Course evals are in, and I’m sharing a few highlights so that I can look back at this post when I need some encouragement. (Also, let’s be real, I want to brag. This is legit the thing that I do best that I enjoy doing, and I’m so proud.)
“This was my favorite reason to come to campus.”
“I have a teaching credential. Everything I learned about how to teach, I find you doing.”
“During this course you tried to help everyone who was stuck with any problem, not all teachers do this.”
“Suggestions: Sorry, but I can’t think of any. You’re a great teacher and Foothill is lucky to have you. I thoroughly enjoyed the course.”
“For me this class was a test to see if this is what I want to do as a job. I know I’m in the right place.”
I think this “I know I’m in the right place” hit me the hardest. Computer Science has become to appear as this almost elitist field and only those that “have it” can succeed and feel like they belong. One of my goals as an instructor is to break down those feelings brought on by impostor syndrome – so knowing that this person feels like they belong is, well, one of the best things I could hear.
I must share this wonderful moment I just had:
One of my students wrote in their journal (we do journals at the start of each class) that one of their goals is to take what they’ve learned from the course and introduce their daughters to coding.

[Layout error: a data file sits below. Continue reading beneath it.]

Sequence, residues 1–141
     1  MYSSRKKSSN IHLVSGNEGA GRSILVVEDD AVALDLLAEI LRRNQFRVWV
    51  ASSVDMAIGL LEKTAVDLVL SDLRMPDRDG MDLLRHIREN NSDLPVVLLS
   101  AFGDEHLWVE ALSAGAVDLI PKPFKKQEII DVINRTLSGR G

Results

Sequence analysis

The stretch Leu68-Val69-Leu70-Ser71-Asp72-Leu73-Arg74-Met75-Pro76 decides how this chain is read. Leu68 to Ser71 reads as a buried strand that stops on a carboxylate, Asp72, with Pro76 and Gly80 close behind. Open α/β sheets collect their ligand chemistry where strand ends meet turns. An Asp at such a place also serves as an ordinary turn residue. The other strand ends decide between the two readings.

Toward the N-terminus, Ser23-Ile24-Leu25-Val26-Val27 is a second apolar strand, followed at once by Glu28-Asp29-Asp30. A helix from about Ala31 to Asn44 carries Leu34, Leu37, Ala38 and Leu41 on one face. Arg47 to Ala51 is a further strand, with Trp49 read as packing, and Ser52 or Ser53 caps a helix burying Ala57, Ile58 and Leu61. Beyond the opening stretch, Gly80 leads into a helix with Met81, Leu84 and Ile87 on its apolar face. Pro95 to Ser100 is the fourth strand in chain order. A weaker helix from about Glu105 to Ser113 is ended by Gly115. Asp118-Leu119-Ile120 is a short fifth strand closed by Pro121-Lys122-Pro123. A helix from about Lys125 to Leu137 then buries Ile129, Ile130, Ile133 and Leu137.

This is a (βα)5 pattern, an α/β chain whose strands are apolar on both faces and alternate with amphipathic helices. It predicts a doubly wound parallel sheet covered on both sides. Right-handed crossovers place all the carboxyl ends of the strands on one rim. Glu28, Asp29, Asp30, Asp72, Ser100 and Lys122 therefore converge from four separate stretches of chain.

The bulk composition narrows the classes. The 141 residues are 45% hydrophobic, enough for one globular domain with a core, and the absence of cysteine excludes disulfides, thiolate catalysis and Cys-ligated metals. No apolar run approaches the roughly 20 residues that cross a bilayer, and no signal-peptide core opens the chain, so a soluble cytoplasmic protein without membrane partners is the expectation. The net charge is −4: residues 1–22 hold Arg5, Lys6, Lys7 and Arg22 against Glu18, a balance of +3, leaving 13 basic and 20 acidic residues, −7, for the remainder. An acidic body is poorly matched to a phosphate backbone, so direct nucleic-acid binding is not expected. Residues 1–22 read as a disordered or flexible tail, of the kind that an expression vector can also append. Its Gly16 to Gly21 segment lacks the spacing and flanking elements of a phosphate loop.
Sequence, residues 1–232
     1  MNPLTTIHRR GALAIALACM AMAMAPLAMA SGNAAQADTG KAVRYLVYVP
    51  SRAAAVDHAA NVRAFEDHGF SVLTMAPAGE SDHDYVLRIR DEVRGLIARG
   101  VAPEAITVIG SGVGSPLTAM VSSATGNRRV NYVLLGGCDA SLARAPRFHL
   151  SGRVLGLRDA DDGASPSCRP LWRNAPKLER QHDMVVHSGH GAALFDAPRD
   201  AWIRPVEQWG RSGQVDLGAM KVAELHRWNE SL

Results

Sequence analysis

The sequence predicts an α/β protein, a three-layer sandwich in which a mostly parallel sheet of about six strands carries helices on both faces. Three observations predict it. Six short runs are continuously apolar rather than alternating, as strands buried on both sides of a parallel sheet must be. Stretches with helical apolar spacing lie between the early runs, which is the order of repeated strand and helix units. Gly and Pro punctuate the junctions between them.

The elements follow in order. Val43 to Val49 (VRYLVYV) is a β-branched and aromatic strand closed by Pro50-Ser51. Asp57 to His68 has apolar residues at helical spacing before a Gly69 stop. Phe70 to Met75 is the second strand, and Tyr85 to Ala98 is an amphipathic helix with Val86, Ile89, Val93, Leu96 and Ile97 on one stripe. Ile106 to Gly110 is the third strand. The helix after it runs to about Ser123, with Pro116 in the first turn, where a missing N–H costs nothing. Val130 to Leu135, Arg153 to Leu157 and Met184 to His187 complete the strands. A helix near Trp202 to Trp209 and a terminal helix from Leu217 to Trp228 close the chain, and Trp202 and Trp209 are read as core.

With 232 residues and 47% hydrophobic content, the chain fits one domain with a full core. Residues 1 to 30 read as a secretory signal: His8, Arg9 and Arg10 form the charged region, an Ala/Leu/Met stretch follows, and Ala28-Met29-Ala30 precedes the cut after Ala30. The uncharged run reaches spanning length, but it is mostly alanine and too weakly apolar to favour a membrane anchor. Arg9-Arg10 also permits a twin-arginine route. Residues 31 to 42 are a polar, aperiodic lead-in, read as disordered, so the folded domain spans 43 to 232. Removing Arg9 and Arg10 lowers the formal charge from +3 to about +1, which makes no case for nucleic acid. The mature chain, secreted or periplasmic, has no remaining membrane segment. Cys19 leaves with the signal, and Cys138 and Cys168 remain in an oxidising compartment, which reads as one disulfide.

This reminds me of a powerful message I heard at Grace Hopper from Dr. Sue Black (of Tech Mums): “when you teach a mom to code, you improve the lives of at least two people.”
I had a pleasant conversation with my neighbor on the plane today. He was a young business guy who, after learning about my field, started to ask questions about what exactly coding is, how computers work, and how new programming languages are invented. We ended up talking for about an hour and a half and he was genuinely interested in learning more even after the plane landed. He was most amused by why we use the term “bug” to refer to an error in code.
I’m a bit out of teaching practice (been taking a few months off to travel), but I was so happy to see that I jumped back into that position without too much difficulty, and it was the motivation I needed as I am now starting to go into the application process in my new area.
Thanks, Shawn! Hope you continue to learn!